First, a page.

On 10 July 1666, Anne Bradstreet's house in Andover, Massachusetts burned down. In a poem commemorating the loss of her home, she characterizes the smouldering ruins as a much-revisited site of memory, keeping all that she has lost painfully alive in her mind:
When by the ruins oft I past
My sorrowing eyes aside did cast,
And here and there the places spy
Where oft I sat and long did lie:
Representing a beloved home as a tenderly domestic memory theatre, Bradstreet makes an orderly inventory of the places in the ruined house where fond reminiscence belonged. Each of the objects carefully placed within it – ‘Here stood that trunk, and there that chest’ (l. 29) – summons up memories of love, hospitality, storytelling and sociable conversation. The house is presented not merely as a domestic space, but also as a site of familial memory and history. The poem itself is the textual trace of the continuing existence in memory of the house and the loving relationships associated with it.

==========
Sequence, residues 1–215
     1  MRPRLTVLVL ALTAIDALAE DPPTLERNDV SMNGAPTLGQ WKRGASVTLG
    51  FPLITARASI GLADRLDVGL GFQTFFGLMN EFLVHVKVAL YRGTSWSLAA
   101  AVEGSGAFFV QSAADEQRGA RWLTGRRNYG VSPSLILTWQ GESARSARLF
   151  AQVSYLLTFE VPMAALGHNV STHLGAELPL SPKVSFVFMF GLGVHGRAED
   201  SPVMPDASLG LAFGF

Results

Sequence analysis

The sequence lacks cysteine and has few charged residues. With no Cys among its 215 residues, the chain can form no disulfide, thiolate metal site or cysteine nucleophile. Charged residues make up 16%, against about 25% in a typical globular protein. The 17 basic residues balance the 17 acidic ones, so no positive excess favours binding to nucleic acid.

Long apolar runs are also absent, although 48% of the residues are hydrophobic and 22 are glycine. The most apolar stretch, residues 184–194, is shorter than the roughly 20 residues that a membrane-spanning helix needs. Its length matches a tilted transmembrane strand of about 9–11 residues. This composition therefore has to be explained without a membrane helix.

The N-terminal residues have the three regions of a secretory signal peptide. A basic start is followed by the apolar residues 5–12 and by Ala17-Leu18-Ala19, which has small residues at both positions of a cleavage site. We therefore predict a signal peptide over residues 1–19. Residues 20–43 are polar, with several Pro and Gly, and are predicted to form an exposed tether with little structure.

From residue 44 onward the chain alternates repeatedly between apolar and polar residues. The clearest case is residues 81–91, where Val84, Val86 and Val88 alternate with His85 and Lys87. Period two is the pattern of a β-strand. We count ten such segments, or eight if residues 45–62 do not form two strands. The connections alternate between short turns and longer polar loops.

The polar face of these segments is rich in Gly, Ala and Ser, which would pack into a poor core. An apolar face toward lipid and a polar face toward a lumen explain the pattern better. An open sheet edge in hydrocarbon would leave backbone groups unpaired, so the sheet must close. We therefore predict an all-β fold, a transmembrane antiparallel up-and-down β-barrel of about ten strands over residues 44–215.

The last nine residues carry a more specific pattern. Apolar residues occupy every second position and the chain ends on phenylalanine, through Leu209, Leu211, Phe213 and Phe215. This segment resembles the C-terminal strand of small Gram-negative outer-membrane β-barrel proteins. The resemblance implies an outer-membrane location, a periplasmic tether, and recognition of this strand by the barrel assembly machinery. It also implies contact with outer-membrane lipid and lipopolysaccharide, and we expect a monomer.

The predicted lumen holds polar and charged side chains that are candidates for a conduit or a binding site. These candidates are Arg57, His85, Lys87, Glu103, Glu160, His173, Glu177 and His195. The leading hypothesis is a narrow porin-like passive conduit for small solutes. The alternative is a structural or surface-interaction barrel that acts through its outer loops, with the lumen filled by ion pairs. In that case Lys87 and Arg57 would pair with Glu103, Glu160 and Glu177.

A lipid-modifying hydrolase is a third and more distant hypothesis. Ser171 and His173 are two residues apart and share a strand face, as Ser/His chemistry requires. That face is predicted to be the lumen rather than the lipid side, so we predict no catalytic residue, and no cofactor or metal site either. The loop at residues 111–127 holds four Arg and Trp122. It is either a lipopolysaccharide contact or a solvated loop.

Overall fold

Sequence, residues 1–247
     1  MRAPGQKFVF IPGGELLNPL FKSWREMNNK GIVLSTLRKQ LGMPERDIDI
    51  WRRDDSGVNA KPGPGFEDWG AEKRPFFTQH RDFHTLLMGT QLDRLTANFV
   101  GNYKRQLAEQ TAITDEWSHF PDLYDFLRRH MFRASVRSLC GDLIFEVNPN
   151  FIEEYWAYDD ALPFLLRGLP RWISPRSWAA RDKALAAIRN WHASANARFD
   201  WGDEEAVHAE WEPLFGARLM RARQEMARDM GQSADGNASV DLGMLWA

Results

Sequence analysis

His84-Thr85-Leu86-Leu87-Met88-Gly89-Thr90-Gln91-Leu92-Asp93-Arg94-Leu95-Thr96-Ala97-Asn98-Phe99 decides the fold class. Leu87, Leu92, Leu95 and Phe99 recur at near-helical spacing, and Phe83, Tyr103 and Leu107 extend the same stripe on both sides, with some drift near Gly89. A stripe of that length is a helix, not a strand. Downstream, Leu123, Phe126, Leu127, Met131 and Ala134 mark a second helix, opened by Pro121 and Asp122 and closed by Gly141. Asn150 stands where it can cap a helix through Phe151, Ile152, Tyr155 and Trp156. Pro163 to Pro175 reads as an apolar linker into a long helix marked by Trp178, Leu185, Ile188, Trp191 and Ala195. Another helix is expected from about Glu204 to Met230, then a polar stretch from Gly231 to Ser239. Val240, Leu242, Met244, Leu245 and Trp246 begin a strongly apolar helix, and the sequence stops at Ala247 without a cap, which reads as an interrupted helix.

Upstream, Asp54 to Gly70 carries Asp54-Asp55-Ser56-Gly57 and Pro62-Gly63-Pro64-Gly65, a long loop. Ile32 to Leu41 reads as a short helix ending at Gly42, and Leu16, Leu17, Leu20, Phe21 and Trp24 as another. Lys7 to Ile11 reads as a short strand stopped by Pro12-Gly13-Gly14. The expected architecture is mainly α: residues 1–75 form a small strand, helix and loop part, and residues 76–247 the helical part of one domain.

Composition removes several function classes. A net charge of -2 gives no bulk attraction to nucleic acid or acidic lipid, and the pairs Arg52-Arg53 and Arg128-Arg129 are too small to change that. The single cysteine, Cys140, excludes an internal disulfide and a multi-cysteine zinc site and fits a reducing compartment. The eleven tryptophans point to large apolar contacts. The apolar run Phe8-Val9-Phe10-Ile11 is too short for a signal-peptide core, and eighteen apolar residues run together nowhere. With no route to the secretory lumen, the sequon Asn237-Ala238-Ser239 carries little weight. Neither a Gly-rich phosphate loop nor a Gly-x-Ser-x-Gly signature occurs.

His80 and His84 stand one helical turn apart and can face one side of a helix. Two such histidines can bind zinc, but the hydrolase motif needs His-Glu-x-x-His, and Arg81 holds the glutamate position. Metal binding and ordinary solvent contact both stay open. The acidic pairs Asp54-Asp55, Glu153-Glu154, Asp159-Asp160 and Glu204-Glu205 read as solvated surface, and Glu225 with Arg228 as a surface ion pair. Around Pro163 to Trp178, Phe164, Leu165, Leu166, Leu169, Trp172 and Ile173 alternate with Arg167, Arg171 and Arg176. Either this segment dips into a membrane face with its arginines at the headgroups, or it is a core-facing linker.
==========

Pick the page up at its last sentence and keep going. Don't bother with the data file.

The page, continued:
‘Some verses upon the burning of our house’ was not published in Bradstreet's lifetime. Its survival as a memorial to the domestic history recalled in it was ensured when Anne Bradstreet's son Simon ‘[c]opied [it] out of a loose paper’ after her death, in an act of filial commitment to his mother's emotional and literary legacy.